FROM USED TO USELESSA bulldozer reduces a Ferrari to scrap metal at the BOC compound in Manila on Tuesday. The destruction of the P7-million vehicle aims to discourage the smuggling of luxury cars into the country. —MARIANNE BERMUDEZ
MANILA, Philippines — The Bureau of Customs (BOC) destroyed on Tuesday a used sports car worth P7 million that was misdeclared as secondhand auto spare parts, along with a dozen machines used to make hundreds of thousands of counterfeit cigarettes.
According to Customs Assistant Commissioner Vincent Philip Maronilla, the destruction of the Ferrari was in line with President R Duterte’s directive not to auction off seized luxury cars to “make it as unprofitable as possible” for erring importers to smuggle these into the country.
“We are destroying [the luxury cars] because we feel that in the long run, we will benefit more—the BOC and the industries which really engage in the legitimate importation of luxury vehicles,” Maronilla told reporters.
The BOC used a bulldozer to crush the Ferrari which was consigned to Camama Autohub. Valued at P7 million, it arrived at the Port of Manila from Italy in May.
Maronilla said that the car was misdeclared as used auto parts. Even if it no longer had its doors and hood, it was still considered as a completely built unit.
He added that stripping vehicles of some of their parts was one of the schemes used by smugglers to avoid paying higher taxes and escape detection by authorities.
Apart from being stripped of its accreditation, Camama’s past dealings with the bureau were also being scrutinized.
At the same time, the BOC destroyed 12 cigarette-making machines seized in Tacloban City in February. The machines were used to manufacture counterfeit cigarette brands like Fortune, Mighty and Marlboro, among others.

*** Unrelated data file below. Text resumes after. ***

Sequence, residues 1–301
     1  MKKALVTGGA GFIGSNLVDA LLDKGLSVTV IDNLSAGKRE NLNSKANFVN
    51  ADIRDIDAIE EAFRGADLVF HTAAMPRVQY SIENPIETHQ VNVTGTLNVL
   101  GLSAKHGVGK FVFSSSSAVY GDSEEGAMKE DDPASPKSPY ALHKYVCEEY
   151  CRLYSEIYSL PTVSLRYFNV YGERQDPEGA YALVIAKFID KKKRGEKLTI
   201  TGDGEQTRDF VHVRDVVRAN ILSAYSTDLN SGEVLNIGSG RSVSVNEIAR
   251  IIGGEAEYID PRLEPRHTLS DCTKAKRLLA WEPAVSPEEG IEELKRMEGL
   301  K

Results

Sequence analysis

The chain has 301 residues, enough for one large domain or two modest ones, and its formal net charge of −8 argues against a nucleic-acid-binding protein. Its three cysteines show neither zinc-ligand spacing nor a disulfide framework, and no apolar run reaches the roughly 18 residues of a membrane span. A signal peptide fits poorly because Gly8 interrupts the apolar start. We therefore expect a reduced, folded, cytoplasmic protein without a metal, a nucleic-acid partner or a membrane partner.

The bureau estimated that the machines and the cigarettes were worth around P150 million.
Also on Tuesday, Customs Commissioner Rey Leonardo Guerrero urged erring personnel to just “resign or retire early” as he stressed that there would be no let-up in the campaign to finally rid the bureau of corruption.
According to him, customs employees have only two options now—to either stay if they want to join the efforts to reform the agency, or to leave if they could not follow directives to stop corruption.
“If we would part ways, it would be better that we do it properly. They should just resign or retire, which I think are good options,” Guerrero told reporters.
He issued the challenge a day after President Duterte, in his State of the Nation Address, lauded the BOC for breaching its target last year by collecting P585 billion. Mr. Duterte said though that revenues could have been higher if there was less corruption.
Guerrero said that so far, the bureau’s internal administration office had received word that some personnel were offering to resign. “Of course [we welcome the offers]. That’s better because it is a gesture of sincerity.”
But when asked if the BOC would no longer pursue cases against them, Guerrero was noncommittal.
“That would depend on their case. We can’t say for now. The status of the cases are at varying levels—some have been forwarded to the Department of Justice, while some are pending or are ongoing investigation,” he said.
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